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Jim Thorpe

Jim Thorpe

Jim Thorpe
The World's Greatest

After Jim Thorpe won two gold medals in the 1912 Olympic, the King of Sweden said, "Sir, you are the greatest athlete in the world."

Jim replied, "Thanks, King."

Well, Jim was probably a bit nervous. But at least this story was told by one of his Olympic teammates. So it might actually be true.

Of course, there's the party-poopers who say that Jim really just said "Thanks". Sure, that may be more likely, but it's not as good a story.

The life of Jim Thorpe is one that people point to when showing what you can achieve in America. Just have gumption, grit, and drive and you'll succeed.

But the stories - particularly those that were written when sanitizing American history was de rigueur - ignore the less pleasant parts of Jim's life. Nor do they mention that when the Olympic team sailed to Sweden that Jim and his Jewish teammate, Abel Kiviat, were forced to ride in steerage. That is, they were crammed below with the cargo and slept on rough communal beds. The other American team members - including a young George Smith Patton, Jr. - stayed in comfortable cabins.

But once in Stockholm, Jim won both the pentathlon (five separate track and field events in a single day) and decathlon (ten events). The winner is decided by the number of points accumulated from the separate events. Jim won handily, far ahead of the others.

And everyone knows that Jim's Olympic titles were revoked the following year. It seems that during the previous summers he had played semi-pro baseball. Although he only made $2 a game, that was still a violation of the amateur rules that forbade athletes from receiving any sort of payment.

What is not as well known is that it was common for college players - particularly those without rich parents - to hit the semi-pro circuits for the summer. Their coaches were not only aware of such extra-curricular activities, but encouraged it.

When playing professionally, though, most of the college players had used assumed names. But Jim played as Jim Thorpe, thus inadvertently supplying the documentation that he had violated his amateur status. So when a reporter broke the story, the International Olympic Committee revoked Jim's wins. They also demanded - and got - the medals.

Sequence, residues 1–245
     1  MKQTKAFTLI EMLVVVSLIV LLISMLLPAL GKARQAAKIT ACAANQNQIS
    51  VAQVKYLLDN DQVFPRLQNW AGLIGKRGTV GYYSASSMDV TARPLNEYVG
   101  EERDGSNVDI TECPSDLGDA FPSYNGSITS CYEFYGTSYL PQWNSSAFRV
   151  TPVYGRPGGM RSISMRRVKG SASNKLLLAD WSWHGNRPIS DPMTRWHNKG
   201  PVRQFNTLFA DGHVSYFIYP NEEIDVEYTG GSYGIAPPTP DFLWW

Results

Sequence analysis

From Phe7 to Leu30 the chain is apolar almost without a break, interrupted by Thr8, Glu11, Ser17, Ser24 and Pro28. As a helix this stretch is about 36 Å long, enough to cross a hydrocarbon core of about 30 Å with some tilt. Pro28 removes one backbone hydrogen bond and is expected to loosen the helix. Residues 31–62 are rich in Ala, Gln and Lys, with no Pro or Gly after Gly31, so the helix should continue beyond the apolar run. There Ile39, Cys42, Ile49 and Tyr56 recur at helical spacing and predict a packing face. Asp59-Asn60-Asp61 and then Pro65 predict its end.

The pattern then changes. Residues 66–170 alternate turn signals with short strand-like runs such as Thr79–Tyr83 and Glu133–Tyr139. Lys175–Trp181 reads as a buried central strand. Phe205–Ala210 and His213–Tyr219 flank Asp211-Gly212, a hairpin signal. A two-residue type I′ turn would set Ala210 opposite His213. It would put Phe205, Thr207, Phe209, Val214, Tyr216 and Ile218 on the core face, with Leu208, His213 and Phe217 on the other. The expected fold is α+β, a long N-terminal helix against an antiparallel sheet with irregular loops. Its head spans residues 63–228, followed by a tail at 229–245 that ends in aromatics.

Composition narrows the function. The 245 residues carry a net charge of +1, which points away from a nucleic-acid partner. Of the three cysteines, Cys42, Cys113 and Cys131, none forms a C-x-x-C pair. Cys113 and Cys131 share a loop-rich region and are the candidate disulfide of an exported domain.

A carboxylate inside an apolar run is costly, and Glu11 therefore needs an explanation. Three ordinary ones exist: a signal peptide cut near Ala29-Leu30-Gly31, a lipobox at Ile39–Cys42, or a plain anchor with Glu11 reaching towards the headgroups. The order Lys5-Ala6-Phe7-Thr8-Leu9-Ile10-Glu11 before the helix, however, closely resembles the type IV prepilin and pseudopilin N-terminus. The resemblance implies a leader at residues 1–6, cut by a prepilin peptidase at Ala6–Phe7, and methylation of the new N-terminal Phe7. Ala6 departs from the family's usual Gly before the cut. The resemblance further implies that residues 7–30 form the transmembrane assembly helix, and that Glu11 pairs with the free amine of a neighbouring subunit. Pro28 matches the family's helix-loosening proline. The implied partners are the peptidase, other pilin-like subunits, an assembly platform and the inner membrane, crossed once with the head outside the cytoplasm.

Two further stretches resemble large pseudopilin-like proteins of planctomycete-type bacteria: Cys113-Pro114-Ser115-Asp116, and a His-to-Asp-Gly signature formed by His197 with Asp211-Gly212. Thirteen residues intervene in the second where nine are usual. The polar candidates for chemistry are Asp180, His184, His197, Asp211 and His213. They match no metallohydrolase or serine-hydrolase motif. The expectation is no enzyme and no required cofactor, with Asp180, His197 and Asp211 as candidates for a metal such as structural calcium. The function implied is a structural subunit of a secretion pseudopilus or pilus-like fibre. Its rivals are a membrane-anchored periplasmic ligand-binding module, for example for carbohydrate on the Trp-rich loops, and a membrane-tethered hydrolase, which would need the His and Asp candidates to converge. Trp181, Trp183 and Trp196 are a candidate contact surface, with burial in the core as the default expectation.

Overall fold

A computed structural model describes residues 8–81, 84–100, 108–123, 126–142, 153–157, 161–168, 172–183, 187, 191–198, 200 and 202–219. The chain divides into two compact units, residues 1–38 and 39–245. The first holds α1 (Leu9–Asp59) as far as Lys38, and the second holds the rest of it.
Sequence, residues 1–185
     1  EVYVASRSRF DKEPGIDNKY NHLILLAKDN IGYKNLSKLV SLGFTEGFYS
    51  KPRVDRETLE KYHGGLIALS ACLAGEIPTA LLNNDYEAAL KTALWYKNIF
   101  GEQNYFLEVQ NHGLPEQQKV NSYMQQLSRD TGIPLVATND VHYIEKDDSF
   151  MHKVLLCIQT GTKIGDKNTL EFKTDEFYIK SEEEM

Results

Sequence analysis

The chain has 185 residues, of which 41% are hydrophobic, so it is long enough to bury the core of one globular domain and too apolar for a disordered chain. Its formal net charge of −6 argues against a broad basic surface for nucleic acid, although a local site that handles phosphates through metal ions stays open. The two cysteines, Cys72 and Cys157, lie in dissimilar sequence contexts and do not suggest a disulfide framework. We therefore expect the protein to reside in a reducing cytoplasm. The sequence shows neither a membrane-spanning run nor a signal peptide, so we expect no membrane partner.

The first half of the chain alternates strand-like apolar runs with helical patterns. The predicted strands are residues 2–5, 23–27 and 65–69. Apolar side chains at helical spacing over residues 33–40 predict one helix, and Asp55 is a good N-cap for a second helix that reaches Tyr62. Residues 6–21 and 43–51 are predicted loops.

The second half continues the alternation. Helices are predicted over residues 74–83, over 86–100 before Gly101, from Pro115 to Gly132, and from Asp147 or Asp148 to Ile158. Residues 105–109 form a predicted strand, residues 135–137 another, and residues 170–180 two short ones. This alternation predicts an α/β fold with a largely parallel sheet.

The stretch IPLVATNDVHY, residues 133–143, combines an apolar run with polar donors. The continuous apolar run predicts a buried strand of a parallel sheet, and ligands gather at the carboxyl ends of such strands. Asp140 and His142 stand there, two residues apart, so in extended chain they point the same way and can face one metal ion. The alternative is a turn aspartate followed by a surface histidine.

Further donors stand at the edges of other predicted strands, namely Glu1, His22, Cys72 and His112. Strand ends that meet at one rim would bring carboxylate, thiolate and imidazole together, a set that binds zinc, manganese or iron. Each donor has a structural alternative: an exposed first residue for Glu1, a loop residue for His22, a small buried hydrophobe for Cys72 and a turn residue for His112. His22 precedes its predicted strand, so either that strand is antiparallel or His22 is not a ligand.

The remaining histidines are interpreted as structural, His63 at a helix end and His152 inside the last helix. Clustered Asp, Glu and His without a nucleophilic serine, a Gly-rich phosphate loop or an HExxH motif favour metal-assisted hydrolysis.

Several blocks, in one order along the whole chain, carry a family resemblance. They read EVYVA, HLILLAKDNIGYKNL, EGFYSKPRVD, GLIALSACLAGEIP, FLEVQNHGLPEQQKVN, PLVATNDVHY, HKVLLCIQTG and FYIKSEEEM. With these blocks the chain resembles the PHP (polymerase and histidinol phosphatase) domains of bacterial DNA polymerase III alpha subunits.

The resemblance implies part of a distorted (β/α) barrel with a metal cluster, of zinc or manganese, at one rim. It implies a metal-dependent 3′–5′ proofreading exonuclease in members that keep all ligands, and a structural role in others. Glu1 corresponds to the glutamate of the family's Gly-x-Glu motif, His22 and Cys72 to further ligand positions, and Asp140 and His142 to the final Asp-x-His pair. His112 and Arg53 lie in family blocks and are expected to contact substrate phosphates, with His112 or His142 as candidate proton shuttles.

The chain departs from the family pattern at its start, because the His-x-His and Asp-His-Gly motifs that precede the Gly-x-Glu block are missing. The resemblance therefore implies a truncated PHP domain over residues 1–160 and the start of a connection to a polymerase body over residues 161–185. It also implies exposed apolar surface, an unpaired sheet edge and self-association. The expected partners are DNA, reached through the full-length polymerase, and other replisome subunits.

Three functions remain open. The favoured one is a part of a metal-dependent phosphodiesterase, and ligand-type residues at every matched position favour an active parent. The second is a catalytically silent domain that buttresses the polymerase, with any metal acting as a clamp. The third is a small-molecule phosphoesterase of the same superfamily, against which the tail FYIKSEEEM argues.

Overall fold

Today when dealing with world class athletes, the name "amateur" is more or less a courtesy term which has no meaning. In fact, when one of the last true amateurs represented Britain in the 1988 Winter Olympics, the Olympic Committee was so aghast - and if you're aghast in my house feel free to do what you like - that they changed the rules. Today any contender is required to be ranked in the highest percentages of world class athletes. That means - whether the Olympic Committee admits it or not - they are restricting Olympic athletes to professionals. And you can bet they make more than $2 a game.

But at least, in 1982 Jim got the medals and his titles back, right?

Well, yes, but it wasn't easy. The reinstatement came about through the efforts of Robert Wheeler, who was a publicist for ABC Sports and who as a student had written a master's thesis based on interviews with people who had known Jim personally.

For a long time it looked like making Jim's case would fail as the Olympic Committee fought returning Jim's medals tooth and nail. But after getting continually rebuffed - although the International Committee did give Robert access to their archives - Robert and his wife, Ridlon, heard that the 1912 Rules stated that any contestation of an award must be made within 30 days of the competition. But Jim's medals were rescinded the following year. So if the time constraint was correct, then the Olympic Committee had broken its own rules.

The Committee, though, denied any such rule existed, and alas and alack, they said there had been no written protocol for the 1912 games. To Robert and Ridlon it certainly seemed strange that in the 20th century the International Olympic Committee would still rule by oral tradition, but for the moment they were stymied.

Well, if there ever had been written rules for the 1912 games, there was one place where they could look. That was the Library of Congress. There Ridlon finally found what was probably the last surviving copy. She found it, not properly filed in a folder, but instead it was in the stacks, stuck between two file cabinets.

You may read that although copies of the medals were sent to Jim's family, Jim's accomplishments were not reinstated. So that means that the Olympic Committee still does not recognize Jim as winning the pentathlon and decathlon. Fortunately this belief is not correct.

First, the Olympic Committee has reinstated Jim' titles. It's in the books. The problem, though, was when Jim's gold medals were taken away, they were then given to the runners-up, Ferdinand Bie and Hugo Wieslander.

So what should the Committee do if they decided to return Jim's medals? Go fetch them from the families of Ferdinand and Hugo? Good grief, they had been holding them for the past 80 years.